Guernsey L'Ancresse golf course may be public in 2016

Golfers at L'Ancresse
Image caption The two clubs are believed to have a total of about 1,500 members

The private golf course at L'Ancresse in Guernsey could be opened to the public in 2016.

Currently the course is rented from the Vale Commons Council by two private clubs, at the cost of £100 a year under a 70-year lease that ends in 2016.

The council has offered a new lease for 25 years with an annual rent of £80,000 to the clubs.

If this lease is not agreed the course may be opened to the public or used for something else, the council said.

It follows a review into the future use of the commons, which also looked at what funding is needed to pay for "major maintenance".

What are the Vale Commons

  • Covers about 740 vergees (a vergee equals 17,640 sq ft, 1,639 sq m or 0.405 acres) including open spaces and large areas of gorse and other important wildlife habitats
  • About 370 vergees are used for playing golf, which has been played on the common since at least 1890
  • It includes 10,000 sq m of car parks, 7,000 sq m of footpaths and tracks
  • It has important historical sites including Neolithic sites and fortifications from the Napoleonic era and the German occupation during WW2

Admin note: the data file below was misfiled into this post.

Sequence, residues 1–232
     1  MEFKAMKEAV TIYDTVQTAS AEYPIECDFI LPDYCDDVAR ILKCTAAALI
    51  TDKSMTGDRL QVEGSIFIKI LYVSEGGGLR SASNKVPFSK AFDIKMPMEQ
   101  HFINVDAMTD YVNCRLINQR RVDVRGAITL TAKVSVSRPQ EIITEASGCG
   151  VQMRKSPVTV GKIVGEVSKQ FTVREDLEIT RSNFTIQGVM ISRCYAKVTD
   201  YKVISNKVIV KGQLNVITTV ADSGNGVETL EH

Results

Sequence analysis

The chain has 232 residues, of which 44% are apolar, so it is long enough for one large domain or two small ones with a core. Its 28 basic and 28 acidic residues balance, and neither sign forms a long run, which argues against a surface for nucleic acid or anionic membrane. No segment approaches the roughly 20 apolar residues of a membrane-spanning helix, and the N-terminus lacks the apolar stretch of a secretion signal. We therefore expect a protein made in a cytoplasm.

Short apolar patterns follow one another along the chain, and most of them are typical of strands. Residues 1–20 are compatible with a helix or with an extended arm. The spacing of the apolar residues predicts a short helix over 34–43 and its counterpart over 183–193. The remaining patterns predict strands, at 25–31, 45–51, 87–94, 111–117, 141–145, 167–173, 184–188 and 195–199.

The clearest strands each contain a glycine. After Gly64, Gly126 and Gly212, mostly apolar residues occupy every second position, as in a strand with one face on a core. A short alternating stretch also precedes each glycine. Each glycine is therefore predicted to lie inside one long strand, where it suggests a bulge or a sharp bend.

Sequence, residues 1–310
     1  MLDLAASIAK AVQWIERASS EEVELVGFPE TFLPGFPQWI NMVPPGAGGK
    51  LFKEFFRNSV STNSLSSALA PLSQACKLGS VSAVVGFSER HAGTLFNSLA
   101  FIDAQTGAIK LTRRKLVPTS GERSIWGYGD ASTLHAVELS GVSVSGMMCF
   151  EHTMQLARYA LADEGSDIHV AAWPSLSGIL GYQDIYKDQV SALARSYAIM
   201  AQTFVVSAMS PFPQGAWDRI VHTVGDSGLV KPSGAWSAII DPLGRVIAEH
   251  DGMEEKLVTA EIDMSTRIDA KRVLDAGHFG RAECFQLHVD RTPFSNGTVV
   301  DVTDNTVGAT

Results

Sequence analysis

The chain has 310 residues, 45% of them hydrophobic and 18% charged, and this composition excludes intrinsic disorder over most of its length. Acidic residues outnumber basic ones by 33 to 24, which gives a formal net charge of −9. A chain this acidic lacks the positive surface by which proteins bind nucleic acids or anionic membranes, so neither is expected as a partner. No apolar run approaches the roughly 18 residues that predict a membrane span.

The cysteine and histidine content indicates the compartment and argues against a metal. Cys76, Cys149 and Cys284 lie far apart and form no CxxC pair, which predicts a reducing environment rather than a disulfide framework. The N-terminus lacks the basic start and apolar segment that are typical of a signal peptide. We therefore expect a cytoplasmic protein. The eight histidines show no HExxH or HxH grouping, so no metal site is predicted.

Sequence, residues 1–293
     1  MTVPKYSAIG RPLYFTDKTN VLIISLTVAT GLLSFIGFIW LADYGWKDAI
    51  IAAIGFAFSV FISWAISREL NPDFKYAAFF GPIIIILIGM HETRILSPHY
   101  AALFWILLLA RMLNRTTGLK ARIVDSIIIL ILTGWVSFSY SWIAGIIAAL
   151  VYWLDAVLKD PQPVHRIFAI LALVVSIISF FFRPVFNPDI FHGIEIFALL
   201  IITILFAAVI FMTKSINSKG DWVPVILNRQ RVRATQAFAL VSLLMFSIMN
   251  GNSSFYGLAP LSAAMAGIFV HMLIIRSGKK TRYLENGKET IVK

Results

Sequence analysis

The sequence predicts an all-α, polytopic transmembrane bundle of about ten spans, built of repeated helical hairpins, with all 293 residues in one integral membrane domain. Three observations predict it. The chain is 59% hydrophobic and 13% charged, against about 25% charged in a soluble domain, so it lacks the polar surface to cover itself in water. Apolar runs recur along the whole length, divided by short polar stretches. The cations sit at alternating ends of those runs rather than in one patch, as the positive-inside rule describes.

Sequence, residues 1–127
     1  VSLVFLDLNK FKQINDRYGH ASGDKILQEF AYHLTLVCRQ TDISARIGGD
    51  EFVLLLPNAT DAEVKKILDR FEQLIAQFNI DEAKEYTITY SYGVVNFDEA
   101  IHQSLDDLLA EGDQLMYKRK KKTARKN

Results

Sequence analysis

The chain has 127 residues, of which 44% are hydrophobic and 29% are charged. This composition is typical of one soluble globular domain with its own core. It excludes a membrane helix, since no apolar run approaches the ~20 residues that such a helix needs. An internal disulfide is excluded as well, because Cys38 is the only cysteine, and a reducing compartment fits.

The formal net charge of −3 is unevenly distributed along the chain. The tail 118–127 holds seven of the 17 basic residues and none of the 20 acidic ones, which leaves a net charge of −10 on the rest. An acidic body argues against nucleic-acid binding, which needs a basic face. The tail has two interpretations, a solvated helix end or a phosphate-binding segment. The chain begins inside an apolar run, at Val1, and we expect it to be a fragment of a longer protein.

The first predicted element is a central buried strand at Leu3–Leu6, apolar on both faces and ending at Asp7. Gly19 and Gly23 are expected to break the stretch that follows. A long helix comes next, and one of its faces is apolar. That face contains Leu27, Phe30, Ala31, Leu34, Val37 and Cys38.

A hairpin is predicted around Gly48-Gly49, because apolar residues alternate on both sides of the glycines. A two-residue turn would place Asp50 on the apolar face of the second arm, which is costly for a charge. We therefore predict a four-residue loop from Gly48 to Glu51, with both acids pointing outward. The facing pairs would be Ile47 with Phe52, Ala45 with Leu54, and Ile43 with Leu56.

• It is managed by the Vale Commons Council, which is elected by inhabitants of the Clos du Valle - an area in the north of the island that was previously separate from the main island

Currently, the council's annual income is about £35,000, which it said "has fallen increasingly far short of what is required to manage the commons properly".

It hopes to raise its income to £160,000 by increasing its rental charges and will ask the States to increase its grant from £30,000 to £45,000.

Image caption The council currently gets £30,000 a year from the States in the form of a grant

President of the Royal Guernsey Golf Club, Patrick McKeary, said golfers were prepared to pay the going rate.

The Deputy Minister of the Culture and Leisure Department has questioned the accuracy of the report, but would not comment on what the inaccuracies were.

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